San Antonio citizens have an important decision on Saturday: Will they vote to bring themselves even higher taxes and more discrimination?
On June 8, over a month after the original election, the Alamo City will finally choose a mayor—either city council member Greg Brockhouse or current Mayor Ron Nirenberg. Saturday’s contest is a result of a stalemate in the May 4 election, where none of the original nine candidates won a majority, thus forcing a rematch between the top two.
The race has stirred contention in the community, particularly surrounding the current mayor’s recent discriminatory actions.
Nirenberg, who was elected mayor in 2017, has been tangled in controversy after he voted in March to ban Chick-fil-A from the San Antonio International Airport solely due to the restaurant owner’s beliefs on marriage. The popular chicken eatery was originally one of the restaurants set to be included in the terminal, but the council filed an amendment to kick them out.
After the decision drew nationwide backlash and the opening of an investigation by Texas Attorney General Ken Paxton, Nirenberg tried to backpedal his rationale for discriminating against the company; the mayor claimed he banned Chick-fil-A because they are not open on Sundays, despite the fact that Chick-fil-A was rated “Best Franchise Brand” in 2018 by Airport Review News.
Soon after the council’s decision, Brockhouse called for a revote of the ban, but Nirenberg used his tie-breaking vote to yet again ban Chick-fil-A from the airport.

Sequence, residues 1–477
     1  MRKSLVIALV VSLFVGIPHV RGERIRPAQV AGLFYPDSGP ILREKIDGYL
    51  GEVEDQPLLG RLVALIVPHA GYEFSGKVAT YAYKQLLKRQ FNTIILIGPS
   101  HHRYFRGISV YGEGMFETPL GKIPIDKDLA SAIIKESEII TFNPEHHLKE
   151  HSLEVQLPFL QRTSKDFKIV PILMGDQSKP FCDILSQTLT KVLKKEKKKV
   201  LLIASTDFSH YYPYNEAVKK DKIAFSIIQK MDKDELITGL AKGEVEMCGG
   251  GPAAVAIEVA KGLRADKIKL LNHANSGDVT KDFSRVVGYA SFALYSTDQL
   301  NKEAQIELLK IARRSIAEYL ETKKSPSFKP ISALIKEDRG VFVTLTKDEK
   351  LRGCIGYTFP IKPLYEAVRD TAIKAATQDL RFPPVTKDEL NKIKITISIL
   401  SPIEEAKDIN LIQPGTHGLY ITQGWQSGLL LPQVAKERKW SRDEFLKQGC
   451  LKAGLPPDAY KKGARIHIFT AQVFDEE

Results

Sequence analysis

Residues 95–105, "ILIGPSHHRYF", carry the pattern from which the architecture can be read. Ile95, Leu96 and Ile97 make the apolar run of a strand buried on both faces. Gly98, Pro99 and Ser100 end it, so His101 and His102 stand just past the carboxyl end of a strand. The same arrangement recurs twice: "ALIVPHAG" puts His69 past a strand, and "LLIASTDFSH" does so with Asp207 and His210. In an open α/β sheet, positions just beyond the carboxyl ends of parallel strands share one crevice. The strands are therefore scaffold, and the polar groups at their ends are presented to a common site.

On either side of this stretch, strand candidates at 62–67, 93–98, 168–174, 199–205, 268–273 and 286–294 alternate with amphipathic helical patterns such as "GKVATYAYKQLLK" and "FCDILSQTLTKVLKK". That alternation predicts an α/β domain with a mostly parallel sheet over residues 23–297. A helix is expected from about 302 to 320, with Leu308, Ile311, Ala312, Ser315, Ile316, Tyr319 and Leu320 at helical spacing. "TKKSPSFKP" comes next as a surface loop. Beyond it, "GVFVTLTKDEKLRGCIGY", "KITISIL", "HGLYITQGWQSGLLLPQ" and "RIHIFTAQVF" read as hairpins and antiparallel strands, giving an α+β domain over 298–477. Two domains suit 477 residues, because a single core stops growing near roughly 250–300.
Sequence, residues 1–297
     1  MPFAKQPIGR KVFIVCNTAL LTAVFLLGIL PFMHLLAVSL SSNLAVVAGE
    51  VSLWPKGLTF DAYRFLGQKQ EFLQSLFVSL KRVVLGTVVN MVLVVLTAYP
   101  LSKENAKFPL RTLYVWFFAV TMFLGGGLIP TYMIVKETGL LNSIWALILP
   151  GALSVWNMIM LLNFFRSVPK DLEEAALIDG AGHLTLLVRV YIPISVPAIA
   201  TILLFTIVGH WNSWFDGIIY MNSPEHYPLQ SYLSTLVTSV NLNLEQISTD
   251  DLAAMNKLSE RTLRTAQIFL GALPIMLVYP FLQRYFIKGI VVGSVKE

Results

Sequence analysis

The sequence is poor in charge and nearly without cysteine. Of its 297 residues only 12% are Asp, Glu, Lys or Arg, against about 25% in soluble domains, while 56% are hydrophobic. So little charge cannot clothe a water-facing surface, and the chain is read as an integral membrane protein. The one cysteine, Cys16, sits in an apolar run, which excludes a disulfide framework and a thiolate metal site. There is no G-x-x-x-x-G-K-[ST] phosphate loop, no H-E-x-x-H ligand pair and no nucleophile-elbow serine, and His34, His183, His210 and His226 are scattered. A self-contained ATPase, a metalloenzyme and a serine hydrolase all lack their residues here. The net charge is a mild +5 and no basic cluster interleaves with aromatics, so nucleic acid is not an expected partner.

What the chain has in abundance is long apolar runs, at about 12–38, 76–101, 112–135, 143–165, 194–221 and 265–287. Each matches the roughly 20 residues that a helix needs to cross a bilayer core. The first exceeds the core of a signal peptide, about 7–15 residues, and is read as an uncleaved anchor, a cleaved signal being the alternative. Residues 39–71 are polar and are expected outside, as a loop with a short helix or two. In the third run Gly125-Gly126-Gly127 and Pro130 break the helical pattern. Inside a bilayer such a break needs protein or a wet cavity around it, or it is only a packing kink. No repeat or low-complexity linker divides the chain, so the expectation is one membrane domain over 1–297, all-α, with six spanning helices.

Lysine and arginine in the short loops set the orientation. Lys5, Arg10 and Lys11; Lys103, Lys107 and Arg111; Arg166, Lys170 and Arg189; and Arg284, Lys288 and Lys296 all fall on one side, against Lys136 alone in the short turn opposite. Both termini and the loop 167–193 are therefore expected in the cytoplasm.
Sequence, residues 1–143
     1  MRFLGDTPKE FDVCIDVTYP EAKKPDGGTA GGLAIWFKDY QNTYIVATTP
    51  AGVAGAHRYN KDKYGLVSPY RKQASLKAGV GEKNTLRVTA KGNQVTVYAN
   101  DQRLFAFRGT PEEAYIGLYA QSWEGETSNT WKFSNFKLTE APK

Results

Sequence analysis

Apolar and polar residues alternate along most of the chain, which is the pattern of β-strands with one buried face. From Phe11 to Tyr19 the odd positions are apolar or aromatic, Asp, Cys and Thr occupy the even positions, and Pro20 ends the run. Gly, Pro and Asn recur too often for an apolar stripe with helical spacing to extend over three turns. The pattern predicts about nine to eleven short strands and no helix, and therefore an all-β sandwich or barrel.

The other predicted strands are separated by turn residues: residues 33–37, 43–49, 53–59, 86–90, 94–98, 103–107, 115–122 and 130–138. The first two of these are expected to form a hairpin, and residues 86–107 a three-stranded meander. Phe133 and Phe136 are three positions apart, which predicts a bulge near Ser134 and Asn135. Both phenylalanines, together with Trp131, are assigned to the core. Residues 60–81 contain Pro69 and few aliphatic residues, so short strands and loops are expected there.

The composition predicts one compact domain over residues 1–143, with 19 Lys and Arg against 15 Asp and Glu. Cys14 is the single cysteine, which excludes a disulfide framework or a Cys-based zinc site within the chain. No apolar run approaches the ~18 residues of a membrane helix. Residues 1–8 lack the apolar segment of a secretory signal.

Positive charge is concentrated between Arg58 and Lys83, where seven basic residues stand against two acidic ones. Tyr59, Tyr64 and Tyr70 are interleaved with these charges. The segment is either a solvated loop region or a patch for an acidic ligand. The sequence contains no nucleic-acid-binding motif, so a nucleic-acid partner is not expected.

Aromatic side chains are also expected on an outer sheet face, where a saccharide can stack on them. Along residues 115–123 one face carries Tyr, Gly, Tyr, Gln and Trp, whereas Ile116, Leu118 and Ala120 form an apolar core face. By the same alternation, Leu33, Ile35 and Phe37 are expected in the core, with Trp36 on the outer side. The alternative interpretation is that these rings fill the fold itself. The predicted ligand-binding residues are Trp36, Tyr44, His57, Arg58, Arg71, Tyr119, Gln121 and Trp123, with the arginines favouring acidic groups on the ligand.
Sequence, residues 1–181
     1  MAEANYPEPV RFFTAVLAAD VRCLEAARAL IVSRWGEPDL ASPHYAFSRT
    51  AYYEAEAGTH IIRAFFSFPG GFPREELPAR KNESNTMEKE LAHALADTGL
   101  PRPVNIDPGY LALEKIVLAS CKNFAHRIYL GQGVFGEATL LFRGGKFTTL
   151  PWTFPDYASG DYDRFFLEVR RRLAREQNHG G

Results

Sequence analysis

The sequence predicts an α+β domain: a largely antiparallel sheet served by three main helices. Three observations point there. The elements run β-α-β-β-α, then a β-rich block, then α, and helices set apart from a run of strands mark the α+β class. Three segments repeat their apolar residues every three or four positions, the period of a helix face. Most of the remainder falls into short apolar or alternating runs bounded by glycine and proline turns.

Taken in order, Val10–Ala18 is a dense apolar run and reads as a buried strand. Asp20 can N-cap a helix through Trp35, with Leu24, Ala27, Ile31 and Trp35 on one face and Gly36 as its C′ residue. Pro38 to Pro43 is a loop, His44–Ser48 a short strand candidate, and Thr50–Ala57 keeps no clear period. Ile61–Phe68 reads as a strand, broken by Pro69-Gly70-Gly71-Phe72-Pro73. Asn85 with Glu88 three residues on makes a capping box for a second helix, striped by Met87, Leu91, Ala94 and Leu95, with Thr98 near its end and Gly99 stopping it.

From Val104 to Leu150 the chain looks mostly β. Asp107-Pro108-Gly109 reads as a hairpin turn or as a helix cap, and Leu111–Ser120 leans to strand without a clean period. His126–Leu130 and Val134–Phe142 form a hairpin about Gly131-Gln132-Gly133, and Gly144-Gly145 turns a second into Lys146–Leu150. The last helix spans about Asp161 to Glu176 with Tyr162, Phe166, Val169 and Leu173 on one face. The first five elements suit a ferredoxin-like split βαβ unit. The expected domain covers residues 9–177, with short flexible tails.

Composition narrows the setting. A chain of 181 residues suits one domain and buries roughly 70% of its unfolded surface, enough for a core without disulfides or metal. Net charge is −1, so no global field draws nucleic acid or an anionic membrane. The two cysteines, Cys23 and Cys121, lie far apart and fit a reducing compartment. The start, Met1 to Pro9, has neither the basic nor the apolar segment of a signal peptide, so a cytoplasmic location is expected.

The ban became the most controversial issue in the mayoral race and is one that Nirenberg has tried to get away from.
“How much oxygen is this going to take up?” Nirenberg asked recently, dismissing the issue as “the fast food subcontract.”
Not only has Nirenberg voted to ban organizations he disagrees with, but he has also voted to take more money from citizens—choosing to increase taxes ever since taking office on the city council in 2013. The average San Antonio homeowner is now paying the city roughly $400 more per year than they did just four years ago.
On the other hand, Brockhouse, a newcomer to the city council, has voted against tax increases and stated on his campaign site that “a family needs to keep more of their money. City Hall needs to do more with the money they already have and learn to give some of it back by reducing property taxes and fees.”
It is up to San Antonio voters on Saturday to decide whether they will allow Nirenberg to continue discriminating and taking more of their hard-earned cash, or if they will choose a different path for their city and their wallets.